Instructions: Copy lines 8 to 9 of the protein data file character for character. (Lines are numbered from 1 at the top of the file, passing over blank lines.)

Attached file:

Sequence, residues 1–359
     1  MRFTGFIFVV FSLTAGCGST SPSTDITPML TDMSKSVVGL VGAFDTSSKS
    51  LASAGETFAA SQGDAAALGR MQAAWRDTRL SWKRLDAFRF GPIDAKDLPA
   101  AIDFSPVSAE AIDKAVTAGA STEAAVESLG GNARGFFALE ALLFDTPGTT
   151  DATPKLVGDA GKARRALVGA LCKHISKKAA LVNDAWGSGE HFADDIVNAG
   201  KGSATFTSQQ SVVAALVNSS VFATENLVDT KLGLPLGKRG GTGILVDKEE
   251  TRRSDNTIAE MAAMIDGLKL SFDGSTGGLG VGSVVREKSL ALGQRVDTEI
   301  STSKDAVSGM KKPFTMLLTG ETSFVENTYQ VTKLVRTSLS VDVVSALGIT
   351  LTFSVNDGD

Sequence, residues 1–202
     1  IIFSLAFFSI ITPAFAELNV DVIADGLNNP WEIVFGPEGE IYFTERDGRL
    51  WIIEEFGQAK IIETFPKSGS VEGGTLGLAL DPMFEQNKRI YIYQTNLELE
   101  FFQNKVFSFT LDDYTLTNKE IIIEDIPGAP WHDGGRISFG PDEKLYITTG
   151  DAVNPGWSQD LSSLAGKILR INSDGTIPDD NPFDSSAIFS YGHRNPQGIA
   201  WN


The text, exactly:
   301  STSKDAVSGM KKPFTMLLTG ETSFVENTYQ VTKLVRTSLS VDVVSALGIT
   351  LTFSVNDGD